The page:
stories worth a thousand words #42



Written: November 16, 2004

“Ah, Jaysus no, sure yer doin it all wrong man!!! You gotta booorn it for a bit THEN break it into it loike I just fookin shown ya!!!!”

I was to meet Sandra after work and since it was a nice summer’s afternoon in 2004 and I was a good bit early, I decided to buy a newspaper and sit in St Stephen’s Green until it was time for our rendez vous. I was surprised to see an empty bench over by one of the fountains, for on a day like that you would normally expect to be sharing seating space. When I finally sat down I understood the reason for the vacancy.

At the next bench, about ten feet from mine, there were four lads brazenly rolling joints. One of them was obviously a rookie and receiving tuition. They sat there, happily toking away without as much as a care in the world. As I was ready to leave, a garda officer on a push bike had gone over to them and was telling them off, but as most Dublin residents would know, there’s not an awful lot you can do with perpetrators whose maximum age was no more than twelve.

The incident made me realise just how glad I was that I had been able to stop smoking hash so relatively easily about six months before. For the previous four years, although you could not say that I had been addicted per se, the drug had played a significant role in doing serious damage to my lungs, my weight, my outlook, my appearance, my mental faculties and much more.

When I was in my wild boozing phase working in the sports store there would be the odd night I would get stoned, and my first joints were had around this time.

Surprisingly I had managed to make it through four years of college without mixing in peace-pipe-passing circles of any kind. The occasional night’s spliff was perfectly harmless however, and it was when I was to obtain my own supply that the negative effects would begin to appear.

You know something; thinking is way over-rated. I reckon Descartes was mis-quoted – perhaps he was so busy thinking when he was coining his famous phrase out loud, he never finished it, and everyone around him ran off to hail “I think therefore I am…” as the guiding light in a new realm of philosophy, when actually he was probably so surprised to see everyone had gone, his concentration was broken and never had time to finish his thought!

Now I don’t claim to be a raving intellectual by any means, but I do know I enjoyed taking drugs because they helped me to stop thinking. On occasion I would pass entire days under the influence, though normally I would be able to find enough activity to keep me soberly occupied before sundown.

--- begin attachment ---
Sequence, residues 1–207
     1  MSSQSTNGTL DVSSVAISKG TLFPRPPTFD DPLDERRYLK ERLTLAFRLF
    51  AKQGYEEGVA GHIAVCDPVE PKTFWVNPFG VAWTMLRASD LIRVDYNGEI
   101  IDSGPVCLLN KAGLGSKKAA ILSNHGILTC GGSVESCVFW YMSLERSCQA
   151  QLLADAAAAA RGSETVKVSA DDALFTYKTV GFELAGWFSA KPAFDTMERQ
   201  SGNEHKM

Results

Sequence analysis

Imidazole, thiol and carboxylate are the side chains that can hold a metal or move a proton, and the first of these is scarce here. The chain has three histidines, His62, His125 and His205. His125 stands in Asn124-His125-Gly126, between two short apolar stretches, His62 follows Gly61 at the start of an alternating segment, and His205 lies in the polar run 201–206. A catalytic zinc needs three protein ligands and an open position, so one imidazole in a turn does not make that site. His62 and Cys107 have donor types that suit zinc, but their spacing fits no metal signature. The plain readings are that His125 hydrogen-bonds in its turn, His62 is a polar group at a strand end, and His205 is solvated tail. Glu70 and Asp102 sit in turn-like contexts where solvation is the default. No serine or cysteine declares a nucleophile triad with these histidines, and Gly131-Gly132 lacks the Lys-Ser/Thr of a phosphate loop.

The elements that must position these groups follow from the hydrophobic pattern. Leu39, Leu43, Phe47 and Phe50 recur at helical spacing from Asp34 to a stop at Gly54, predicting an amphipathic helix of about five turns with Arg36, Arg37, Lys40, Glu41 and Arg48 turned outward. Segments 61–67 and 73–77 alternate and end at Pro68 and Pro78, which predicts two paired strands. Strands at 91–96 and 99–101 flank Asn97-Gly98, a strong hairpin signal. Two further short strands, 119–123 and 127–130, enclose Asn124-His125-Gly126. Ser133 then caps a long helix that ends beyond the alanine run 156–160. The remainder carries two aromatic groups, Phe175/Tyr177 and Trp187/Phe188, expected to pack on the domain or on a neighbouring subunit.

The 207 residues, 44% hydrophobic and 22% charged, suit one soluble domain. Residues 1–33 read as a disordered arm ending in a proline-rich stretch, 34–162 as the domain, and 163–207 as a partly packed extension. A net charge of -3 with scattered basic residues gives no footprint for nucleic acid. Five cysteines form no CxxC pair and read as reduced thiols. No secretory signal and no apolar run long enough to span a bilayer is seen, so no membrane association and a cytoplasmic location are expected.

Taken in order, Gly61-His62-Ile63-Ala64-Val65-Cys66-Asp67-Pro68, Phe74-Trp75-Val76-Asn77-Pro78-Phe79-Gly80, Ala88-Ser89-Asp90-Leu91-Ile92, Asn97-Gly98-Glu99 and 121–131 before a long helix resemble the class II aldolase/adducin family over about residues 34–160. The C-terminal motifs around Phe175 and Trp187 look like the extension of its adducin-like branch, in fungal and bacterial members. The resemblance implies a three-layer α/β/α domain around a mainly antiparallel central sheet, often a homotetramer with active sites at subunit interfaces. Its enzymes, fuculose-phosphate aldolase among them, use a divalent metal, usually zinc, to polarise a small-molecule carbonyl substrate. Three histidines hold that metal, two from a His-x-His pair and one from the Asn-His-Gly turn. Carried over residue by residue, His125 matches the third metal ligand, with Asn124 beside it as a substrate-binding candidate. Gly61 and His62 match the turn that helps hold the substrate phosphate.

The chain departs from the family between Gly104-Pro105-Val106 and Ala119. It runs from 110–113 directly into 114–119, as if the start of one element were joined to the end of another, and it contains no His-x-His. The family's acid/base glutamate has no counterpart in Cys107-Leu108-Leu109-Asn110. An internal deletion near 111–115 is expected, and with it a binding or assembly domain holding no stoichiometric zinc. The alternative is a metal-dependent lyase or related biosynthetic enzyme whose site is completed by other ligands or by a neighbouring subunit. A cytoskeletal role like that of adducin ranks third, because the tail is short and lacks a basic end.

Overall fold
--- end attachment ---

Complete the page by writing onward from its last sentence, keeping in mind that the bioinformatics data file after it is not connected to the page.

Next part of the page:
It was the nights that were the killer. To get to sleep I had to stop thinking. To stop thinking I had to be stoned. It would be as time-consuming as it would be irrelevant to try and account for all I was thinking about; suffice to say I just wanted to stop. The need to both pee and find food would be enough the next morning to get me out of bed, and so the cycle would start all over again.

My supply came primarily from women I had met via the internet during the periods I refer to as my “Summers of Love”, i.e. those of 2000 and of 2003. My relationships with them were primarily based on having them as a means by which I could regularly replenish my stash.

This would most definitely be the time of my life for which I am least proud, as I would go to work stoned, drive my car stoned, mind my kids stoned; it was taking over my entire life and I didn’t really care.

I did not do too much with other drugs. I had one night in Club92 in 2000 when I took half an “e” tablet, but the only effect that had was for my already big eyes to practically bulge out of my head, which made me into a side-show freak!!! I was thus not so keen to take it again!

When I went to Oregon to meet my father for the first time his wife proved to be a stoner herself while he was at work, and proceeded to give me some grass which provided me with a sensation I do NOT ever want to repeat. It was my first (and if I have anything to do with it my last) real “out of body” experience and led to a loss of control that I found quite simply terrifying.

And so I had dug myself into a hole and could not see anyone who was willing to drag me out, until of course Sandra made her call that Saturday night suggesting we get back together. I was now able to cut back to smoking at weekends, but still wished I had a reason to quit for good.

The envelope hit the doormat in early January 2004. My driving test was to take place on March the 5th. I have never been more determined to achieve anything in my life than I was to pass this test. I realised how important it was for all drugs to be out of my system by this date, so in a blaze of smoke and accompanied by a seemingly endless trough of crisps, pizzas and other calorie-filled niceties I spent a day and a half using up what supply I had left for one final hurrah. I then binned all my accoutrements which I had collected over the years to perfect my rolling technique; the papers, the mini scissors, the rolling tobacco, all gone forever.

Big and all as I am, I was lucky enough to pull myself out of the hole.

© JL Pagano 2004


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teri said…
I was born in the 60's and was a teenager in the 70's...I did my share but never said, "Okay, now I need to stop." It just never came up again or I wasn't around it. Not really sure, I guess I was lucky.
Anna said…
Fair play to you, Jeff. I know how hard it is to give something up.
Ellen said…
Well Jeff I read a little bit of this post before and meant to go back and read the rest but couldnt find the damm thing. Now I have made it my new years resoloutin to give up myself, maybe the mist has cleared or is clearing an I can find things again. Anyway I certainly can identify with ya.. wish me luck...

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